Further evidence for decreased rates of incident P. falciparum clinical episodes and infection in infants and young children can be found in prospective studies of both active and passive malaria surveillance in high malaria transmission settings. In a longitudinal study in Kenya, more children were observed to have no clinical malaria episodes during a 5-year surveillance period than what otherwise would be expected based on a fitted Poisson distribution, particularly among children <5 years of age [28]. In a prospective cohort study of children and adults conducted in Mali, P. falciparum infections were determined over the course of a 6-month malaria-transmission season by retrospective PCR analysis of dried blood spots collected every 2 weeks and at sick visits [10]. The main finding of this study was that the infection risk did not decrease with increasing years of malaria exposure, providing evidence that naturally acquired sterile immunity to P. falciparum does not occur even in high malaria transmission settings. Interestingly, 10% of children in the youngest age group (4–6 years) in the published study remained uninfected at the end of 6 months of intense malaria transmission compared with <5% in the older age groups [10]. In unpublished data from the same year of the cohort, ∼25% of children aged 3 months to 3 years remained uninfected during the first year of intensive surveillance but eventually had detectable parasitemia during the ensuing malaria seasons (Peter Crompton, personal communication, conceptualized in Figure 1B). A longitudinal study of 264 Papua New Guinean children aged 0.9–3.2 years reported that 13% remained free of PCR-detectable P. falciparum infections despite up to 69 weeks of follow-up that included active surveillance for malaria morbidity every 2 weeks and infections every 8–9 weeks as well as passive malaria case detection [29]. A longitudinal birth cohort study in a high malaria transmission area of Tanzania reported 63 children aged 1–3.5 years (9.2% of the cohort) who had no blood smear-positive slides despite 2 years of biweekly active parasitological surveillance [15]. In a study of Ugandan children residing in an area of high transmission intensity, a subset of 16 children for whom longitudinal infection histories were shown through their first 5 years of life, two children experienced infection-free periods of at least ∼18 months despite surveillance by monthly blood smears and symptom-triggered visits [30]. Additional evidence can be found in the control arms of malaria vaccine studies. In a phase 2b trial of the pre-erythrocytic vaccine RTS,S/AS02 conducted in Mozambican children aged 1–4 years (‘cohort 2’), of the 146 children in the control arm who completed the trial, 10 (6.8%) remained free of parasitemia during 6 months of intensive surveillance that consisted of at least monthly blood smears and passive surveillance [14]. More recently, a clinical trial of the radiation-attenuated P. falciparum sporozoite (PfSPZ) vaccine conducted in Kenyan infants aged 5–12 months, ∼34% of infants in the normal saline placebo arm who completed the protocol remained uninfected despite 6 months of monthly blood smears and passive surveillance (conceptualized in Figure 1C) [12,13]. That such a high proportion of infants remained ‘aparasitemic’ is made more remarkable by the highly intense malaria transmission that occurs in Siaya county, where the trial was conducted, with EIR reaching as high as 29.9 infective bites per person per month during peak transmission [31]. These studies suggest that a subset of infants and young children somehow escape detectable parasitemia for a finite time period despite living in areas of highly intense malaria transmission.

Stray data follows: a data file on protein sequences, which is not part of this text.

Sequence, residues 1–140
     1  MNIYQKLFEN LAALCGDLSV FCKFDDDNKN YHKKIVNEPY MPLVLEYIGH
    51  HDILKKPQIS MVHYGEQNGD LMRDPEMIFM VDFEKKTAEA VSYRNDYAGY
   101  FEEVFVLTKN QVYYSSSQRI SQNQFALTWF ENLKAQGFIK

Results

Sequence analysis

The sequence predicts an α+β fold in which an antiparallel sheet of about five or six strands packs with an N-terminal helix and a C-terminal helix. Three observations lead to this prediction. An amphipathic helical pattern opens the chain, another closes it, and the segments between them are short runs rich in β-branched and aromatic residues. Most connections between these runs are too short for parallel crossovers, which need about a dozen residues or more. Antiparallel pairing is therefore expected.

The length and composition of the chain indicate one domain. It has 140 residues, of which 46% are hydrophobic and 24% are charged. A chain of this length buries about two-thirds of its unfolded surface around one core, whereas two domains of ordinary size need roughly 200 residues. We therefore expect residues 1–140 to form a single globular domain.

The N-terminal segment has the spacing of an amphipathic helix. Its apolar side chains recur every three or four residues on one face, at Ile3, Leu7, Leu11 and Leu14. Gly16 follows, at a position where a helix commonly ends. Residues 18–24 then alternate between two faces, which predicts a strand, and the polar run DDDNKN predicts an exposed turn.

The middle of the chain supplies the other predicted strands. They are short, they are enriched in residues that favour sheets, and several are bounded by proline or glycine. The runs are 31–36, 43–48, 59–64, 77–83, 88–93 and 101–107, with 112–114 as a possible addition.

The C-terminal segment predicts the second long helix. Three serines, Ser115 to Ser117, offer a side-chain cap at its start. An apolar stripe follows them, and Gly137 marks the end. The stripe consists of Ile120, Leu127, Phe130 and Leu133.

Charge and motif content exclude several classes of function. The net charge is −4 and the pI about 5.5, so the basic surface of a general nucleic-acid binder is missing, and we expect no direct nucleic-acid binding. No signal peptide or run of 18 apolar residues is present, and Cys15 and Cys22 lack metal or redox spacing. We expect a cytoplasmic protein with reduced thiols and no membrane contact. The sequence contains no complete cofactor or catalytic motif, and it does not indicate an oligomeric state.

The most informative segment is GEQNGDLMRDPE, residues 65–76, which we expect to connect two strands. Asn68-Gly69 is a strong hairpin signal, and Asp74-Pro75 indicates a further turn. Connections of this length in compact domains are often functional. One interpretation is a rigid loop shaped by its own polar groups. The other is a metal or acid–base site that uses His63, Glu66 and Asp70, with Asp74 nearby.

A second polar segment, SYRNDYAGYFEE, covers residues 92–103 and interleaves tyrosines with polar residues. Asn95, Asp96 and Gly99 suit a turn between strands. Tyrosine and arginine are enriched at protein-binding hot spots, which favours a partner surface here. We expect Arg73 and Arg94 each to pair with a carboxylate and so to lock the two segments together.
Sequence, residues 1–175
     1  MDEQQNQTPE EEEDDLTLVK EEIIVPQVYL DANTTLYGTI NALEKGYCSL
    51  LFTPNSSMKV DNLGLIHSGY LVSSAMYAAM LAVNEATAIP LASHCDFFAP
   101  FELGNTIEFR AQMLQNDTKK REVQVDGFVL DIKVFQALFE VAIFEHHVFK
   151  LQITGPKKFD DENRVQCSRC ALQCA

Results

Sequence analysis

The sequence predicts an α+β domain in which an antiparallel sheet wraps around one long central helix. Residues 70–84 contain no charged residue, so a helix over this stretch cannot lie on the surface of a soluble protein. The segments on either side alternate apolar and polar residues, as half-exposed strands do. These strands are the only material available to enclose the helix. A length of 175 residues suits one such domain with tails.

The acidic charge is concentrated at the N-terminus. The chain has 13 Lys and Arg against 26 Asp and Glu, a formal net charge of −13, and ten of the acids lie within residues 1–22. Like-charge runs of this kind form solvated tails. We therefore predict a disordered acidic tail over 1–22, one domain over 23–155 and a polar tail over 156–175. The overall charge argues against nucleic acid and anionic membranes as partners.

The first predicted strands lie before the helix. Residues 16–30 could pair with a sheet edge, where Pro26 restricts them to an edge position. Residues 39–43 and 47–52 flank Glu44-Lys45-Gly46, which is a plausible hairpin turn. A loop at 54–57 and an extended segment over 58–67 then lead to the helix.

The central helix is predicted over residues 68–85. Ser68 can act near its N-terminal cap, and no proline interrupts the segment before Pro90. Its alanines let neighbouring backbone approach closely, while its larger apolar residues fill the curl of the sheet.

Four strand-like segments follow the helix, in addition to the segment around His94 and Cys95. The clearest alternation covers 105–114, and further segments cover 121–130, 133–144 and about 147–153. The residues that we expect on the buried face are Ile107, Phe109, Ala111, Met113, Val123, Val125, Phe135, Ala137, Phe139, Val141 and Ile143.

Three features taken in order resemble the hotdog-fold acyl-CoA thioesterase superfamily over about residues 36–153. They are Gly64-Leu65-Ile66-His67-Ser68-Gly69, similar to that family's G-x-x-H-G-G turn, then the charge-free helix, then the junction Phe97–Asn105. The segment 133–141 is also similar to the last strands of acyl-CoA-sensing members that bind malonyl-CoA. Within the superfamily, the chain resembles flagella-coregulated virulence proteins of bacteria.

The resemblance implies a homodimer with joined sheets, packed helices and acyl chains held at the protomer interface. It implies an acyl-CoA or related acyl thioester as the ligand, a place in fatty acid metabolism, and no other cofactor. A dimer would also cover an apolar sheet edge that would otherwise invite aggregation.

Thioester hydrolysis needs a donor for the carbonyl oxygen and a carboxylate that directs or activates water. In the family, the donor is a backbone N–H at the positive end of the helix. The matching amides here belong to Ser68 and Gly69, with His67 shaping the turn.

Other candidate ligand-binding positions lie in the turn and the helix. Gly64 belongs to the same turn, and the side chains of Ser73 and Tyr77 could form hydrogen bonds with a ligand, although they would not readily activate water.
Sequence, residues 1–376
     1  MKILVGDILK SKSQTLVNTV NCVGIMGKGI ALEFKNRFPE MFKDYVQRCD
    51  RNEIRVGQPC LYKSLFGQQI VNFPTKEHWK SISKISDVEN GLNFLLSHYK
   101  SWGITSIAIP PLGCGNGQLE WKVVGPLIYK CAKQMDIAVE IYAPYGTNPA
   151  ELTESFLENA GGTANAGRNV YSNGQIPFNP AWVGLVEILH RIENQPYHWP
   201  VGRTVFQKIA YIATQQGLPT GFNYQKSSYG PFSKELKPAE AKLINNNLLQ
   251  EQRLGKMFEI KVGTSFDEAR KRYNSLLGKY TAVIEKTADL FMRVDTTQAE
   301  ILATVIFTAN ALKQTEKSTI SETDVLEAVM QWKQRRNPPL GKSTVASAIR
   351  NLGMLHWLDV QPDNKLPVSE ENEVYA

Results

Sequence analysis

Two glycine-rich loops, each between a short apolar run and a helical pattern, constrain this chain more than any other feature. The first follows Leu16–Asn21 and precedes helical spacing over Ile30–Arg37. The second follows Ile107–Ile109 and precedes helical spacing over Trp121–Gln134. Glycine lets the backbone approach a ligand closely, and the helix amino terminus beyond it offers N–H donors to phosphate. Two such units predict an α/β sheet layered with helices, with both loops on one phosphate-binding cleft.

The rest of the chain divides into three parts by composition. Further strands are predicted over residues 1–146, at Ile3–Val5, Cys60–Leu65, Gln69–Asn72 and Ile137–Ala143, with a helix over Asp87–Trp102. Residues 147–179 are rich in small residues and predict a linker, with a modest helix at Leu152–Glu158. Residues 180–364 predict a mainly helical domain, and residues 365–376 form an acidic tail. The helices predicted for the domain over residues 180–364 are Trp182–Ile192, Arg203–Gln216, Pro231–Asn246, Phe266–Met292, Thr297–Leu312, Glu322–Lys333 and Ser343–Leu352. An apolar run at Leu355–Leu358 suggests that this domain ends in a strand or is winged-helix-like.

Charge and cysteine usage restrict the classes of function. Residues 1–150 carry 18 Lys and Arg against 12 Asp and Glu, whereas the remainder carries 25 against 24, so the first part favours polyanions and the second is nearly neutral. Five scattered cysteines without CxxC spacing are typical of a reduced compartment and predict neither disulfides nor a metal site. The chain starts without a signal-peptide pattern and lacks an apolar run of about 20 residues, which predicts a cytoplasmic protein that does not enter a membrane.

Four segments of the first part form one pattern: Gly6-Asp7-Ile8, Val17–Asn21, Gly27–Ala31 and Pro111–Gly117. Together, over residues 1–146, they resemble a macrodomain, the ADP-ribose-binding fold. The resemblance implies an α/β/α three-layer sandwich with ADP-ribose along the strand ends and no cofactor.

Numerous explanations have been proposed for the observation of reduced infection in infants and young children. Behavioral measures such as swaddling of infants and increased used of insecticide-treated nets for the youngest children may reduce exposure to infectious mosquito bites [32]. Young children are bitten by mosquitoes less frequently than older children and adults, a finding that has been correlated to body surface area [19,33,34]. Fetal hemoglobin has been suggested as being malaria protective based on in vitro experiments [35,36] and a modest association with protection in the youngest children [37], especially in presence of hemoglobin AA [38]. Host genetic variants, especially erythrocyte polymorphisms and hemoglobinopathies, can confer protection against malaria [39]. However, little evidence exists for protective synergy between younger age and host polymorphisms. Although sickle cell trait (HbAS) protects against all-cause mortality, severe malarial anemia, and high-density parasitemia in the highest risk group of young children aged 2–16 months [40], the protection afforded by HbAS against molecular force of P. falciparum infection and mild clinical malaria actually increases with age up to 8–10 years [41,42].